With their third album — 1999’s critical and commercial stiff Nu-Clear Sounds — this jangly Irish buzz-pop band seemed on track to burn out and fade away. The group were sweet pop-punk teenagers when guitarist and singer Tim Wheeler wrote several of the songs for their first two albums, Trailer (1995) and 1977 (1996); after that they turned to grungy guitars and Butch Vig to modernize their sound and instead ended up with something awkward and generic. But with Free All Angels (released a year ago in Britain), Wheeler, guitarist Charlotte Hatherly, bassist Mark Hamilton, and drummer Rick McMurray have risen to the challenge of reinventing Ash yet again, this time with the success of their first recordings in mind.
Always 10 times better at gloss than at grunge, Ash here snap with sharp hooks and buzzing melodies. "Walking Barefoot," "Burn Baby Burn," and "Pacific Palisades" bring on waves of the soaring melodic choruses that made early Ash classics like "Girl from Mars" and "Goldfinger." Serrated guitars propel "Sometimes," a wistful ode to loves lost, and "Nicole," a love song and murder ballad all in one. Beneath the pop sheen, Ash are still a shambolic bundle of nerves, but Free All Angels is sincere, composed, and infectious enough to overcome Wheeler’s neuroses.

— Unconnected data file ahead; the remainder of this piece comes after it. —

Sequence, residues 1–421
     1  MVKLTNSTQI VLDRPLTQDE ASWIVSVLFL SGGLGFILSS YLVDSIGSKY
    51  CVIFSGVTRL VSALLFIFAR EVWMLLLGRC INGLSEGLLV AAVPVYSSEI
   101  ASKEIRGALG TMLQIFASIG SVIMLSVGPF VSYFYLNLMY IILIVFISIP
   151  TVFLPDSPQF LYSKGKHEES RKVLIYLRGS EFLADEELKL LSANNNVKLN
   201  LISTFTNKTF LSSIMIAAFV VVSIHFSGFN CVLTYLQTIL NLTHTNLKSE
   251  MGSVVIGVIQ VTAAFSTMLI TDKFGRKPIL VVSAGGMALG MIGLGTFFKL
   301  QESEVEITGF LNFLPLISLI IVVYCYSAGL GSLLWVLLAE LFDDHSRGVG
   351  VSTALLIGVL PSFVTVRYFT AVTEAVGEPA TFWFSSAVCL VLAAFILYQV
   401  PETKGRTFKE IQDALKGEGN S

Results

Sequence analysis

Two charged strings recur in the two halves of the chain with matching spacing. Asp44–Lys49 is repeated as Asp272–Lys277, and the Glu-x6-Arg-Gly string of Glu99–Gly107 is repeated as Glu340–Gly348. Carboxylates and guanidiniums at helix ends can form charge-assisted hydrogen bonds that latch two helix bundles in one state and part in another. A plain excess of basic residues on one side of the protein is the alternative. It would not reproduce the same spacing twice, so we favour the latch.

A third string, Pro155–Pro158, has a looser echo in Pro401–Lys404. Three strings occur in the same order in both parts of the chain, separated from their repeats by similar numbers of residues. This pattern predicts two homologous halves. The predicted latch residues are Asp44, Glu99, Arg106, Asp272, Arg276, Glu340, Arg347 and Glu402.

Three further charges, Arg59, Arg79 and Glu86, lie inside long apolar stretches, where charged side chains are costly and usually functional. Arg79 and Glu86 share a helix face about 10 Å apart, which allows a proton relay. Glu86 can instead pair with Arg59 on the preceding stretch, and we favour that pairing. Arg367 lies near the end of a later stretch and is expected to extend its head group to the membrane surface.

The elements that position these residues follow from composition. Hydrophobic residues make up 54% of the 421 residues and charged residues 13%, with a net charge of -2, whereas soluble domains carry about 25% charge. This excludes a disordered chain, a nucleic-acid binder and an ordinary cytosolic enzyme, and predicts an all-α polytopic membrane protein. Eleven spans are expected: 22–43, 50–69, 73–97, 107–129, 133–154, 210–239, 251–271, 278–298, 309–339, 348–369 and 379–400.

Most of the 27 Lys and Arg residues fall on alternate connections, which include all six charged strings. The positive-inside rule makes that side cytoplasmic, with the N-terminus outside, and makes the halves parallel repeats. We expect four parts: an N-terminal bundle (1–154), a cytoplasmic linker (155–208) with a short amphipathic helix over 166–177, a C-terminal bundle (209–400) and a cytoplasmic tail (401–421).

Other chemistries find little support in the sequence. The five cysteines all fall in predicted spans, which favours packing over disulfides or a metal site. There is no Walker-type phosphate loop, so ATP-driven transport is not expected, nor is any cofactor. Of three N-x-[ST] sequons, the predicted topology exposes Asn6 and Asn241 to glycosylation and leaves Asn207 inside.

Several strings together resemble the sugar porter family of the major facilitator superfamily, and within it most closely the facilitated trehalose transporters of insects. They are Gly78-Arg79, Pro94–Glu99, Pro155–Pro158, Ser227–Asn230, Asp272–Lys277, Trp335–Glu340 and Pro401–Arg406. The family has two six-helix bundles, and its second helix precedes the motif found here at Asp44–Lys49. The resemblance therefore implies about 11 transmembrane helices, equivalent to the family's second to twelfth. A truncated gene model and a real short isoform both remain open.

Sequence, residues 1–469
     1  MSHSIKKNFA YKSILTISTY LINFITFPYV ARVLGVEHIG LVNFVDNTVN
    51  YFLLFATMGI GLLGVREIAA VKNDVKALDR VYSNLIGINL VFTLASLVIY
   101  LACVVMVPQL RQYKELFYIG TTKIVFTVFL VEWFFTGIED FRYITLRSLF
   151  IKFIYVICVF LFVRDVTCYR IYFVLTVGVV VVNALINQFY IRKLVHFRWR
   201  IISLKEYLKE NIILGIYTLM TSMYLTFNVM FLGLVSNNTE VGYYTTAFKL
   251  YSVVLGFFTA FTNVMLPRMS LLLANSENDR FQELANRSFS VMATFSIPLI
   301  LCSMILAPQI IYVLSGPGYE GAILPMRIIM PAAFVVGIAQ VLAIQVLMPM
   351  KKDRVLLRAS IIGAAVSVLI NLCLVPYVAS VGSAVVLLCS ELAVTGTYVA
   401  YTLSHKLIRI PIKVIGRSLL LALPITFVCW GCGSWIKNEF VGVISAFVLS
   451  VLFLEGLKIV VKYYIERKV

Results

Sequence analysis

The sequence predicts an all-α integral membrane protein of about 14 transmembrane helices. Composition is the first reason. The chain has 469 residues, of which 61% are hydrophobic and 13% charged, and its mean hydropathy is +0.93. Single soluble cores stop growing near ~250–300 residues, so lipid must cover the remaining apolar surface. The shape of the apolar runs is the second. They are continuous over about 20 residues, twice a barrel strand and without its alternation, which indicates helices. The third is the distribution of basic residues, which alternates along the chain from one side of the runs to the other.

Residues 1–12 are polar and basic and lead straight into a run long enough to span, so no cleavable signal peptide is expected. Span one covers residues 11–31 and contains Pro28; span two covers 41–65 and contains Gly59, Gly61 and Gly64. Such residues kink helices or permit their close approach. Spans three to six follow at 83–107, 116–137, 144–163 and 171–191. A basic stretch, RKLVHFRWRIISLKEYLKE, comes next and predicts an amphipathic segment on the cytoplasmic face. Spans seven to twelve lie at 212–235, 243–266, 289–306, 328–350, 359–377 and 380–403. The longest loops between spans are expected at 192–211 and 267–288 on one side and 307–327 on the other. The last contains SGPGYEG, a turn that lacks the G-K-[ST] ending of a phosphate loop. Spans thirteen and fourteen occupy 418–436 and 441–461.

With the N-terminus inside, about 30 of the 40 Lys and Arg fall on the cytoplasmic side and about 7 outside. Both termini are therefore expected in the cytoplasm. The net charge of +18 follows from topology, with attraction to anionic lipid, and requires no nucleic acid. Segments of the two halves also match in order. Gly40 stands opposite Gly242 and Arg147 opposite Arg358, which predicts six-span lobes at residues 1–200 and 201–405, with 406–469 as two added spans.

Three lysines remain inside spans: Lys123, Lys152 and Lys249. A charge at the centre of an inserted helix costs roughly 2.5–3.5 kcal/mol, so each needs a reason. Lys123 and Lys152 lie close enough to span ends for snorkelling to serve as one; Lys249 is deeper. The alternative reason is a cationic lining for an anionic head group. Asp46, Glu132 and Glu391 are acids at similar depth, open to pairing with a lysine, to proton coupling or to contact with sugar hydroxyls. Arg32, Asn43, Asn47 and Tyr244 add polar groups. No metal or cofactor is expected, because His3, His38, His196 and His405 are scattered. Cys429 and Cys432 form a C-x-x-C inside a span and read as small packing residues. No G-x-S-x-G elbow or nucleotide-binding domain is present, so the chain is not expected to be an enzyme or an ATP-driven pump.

(Ash play the Tweeter Center as part of the Area:2 festival next Saturday, August 3. Call 508-339-2331.)